WAY TO COACH, BUDDY
Before the season, Eagle coach Buddy Ryan said. "You check with anybody who knows anything about football, and 99 percent of them will tell you this is one of the greatest (coaching] jobs that has ever been done." Well. Ryan's vaunted defense has failed miserably three times in the fourth quarter against poor offensive teams.
NEW DECADE, NEW STARS
Here are three players whose careers have taken off.
Marion Butts, Chargers—In the 1989 draft 24 running backs were picked ahead of Butts, who had only 64 carries in two years as a part-time fullback at Florida State; he was taken by the Chargers in the seventh round. Butts had a 176-yard rushing day against the Chiefs in '89, but he still had to beat out a handful of veteran backs in training camp to win a starting job this year. So here's blue-collar Butts, getting his 18 rushes a game, pile-driving defenses and trying to carry a mediocre team. Butts is surprised that he's the NFL's leading rusher, with 713 yards for a 4.5-yard average. But then, he says. "I'm surprised I was drafted at all."
Reyna Thompson. Giants—The Giants were mining for Plan B free-agent prospects in February 1989 when coach Bill Parcells saw a tape of Reyna (pronounced Re-NAY) Thompson smashing through wedges and fighting off double-team blocks on Miami's special teams. "I saw three plays, and that was enough." says Parcells. "I said, 'Sign him.' " A part-time cornerback and a full-time pursuit player on punts and kickoffs. Thompson has excelled on New York's special teams for a year and a half. But he didn't catch the country's attention until he made three solo tackles against his old team in Week 3 of this season. All three stops came after he had beaten double coverage to get to the return man. "I want everyone to know," Thompson says, "that I'm out there to lay the hat on people."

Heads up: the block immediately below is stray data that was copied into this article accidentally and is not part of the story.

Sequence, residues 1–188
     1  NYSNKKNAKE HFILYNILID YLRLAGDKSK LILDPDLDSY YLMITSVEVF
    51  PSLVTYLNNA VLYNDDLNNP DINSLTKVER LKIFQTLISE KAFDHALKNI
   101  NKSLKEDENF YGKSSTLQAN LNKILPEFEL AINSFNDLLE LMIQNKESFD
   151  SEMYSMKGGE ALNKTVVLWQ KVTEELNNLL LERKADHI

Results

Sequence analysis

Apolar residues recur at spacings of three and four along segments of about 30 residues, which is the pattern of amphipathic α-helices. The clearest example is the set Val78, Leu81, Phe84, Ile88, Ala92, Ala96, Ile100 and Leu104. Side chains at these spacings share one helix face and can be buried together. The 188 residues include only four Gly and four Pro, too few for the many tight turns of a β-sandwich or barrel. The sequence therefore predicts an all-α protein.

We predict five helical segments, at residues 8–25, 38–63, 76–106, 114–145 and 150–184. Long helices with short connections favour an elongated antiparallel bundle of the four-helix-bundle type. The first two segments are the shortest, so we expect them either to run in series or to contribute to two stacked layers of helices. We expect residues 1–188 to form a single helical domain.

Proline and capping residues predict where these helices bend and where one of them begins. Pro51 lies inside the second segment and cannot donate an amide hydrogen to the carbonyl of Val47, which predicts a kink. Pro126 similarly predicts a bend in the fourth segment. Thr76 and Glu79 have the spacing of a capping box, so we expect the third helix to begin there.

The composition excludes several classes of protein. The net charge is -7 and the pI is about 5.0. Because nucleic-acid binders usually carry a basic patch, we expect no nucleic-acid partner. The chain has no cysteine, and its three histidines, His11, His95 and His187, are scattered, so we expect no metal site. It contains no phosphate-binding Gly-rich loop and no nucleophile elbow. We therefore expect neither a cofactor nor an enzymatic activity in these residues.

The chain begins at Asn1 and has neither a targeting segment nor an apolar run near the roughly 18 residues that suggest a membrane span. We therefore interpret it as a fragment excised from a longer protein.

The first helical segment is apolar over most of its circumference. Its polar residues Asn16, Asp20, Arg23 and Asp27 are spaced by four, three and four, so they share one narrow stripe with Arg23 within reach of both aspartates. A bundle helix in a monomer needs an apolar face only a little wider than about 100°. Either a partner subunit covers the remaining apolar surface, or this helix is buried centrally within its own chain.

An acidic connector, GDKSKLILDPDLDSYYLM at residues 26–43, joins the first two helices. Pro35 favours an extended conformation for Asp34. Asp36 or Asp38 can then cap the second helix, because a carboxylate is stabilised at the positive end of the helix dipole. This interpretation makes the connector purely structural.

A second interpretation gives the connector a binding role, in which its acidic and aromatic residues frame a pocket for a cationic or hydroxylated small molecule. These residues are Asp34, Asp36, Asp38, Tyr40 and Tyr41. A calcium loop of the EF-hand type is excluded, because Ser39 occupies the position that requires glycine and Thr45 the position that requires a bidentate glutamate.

Trace Armstrong, Bears—Throughout the off-season Armstrong bugged his coaches for tapes of other defensive left ends to play on his home VCR. One day he would ask for Reggie White. A few days later, Charles Mann. A week later, some vintage Howie Long. Then some old Dan Hampton. "It really helped," says Armstrong, a second-year pro. "In fact, I switched from a righthanded stance to lefthanded after watching Mann." After arriving a month late for camp because of a contract holdout, Armstrong showed promise in 14 starts in '89, but—as was true for the rest of the Bears—the season was really a washout. This year Armstrong, a 6'4", 270-pound speed rusher, has a team-high seven sacks and leads Chicago linemen, with 39 tackles.
(DIS) PARITY IN THE NFL
Is this league bottom-heavy or what? Here are the league standings, with the 28 teams split into four groups. After Sunday, there were 10 teams with winning records.
The top seven: 49ers, Giants, Dolphins, Bills, Bears, Raiders, Redskins.
The second seven: Chiefs, Steelers, Bengals, Eagles, Jets, Oilers, Chargers.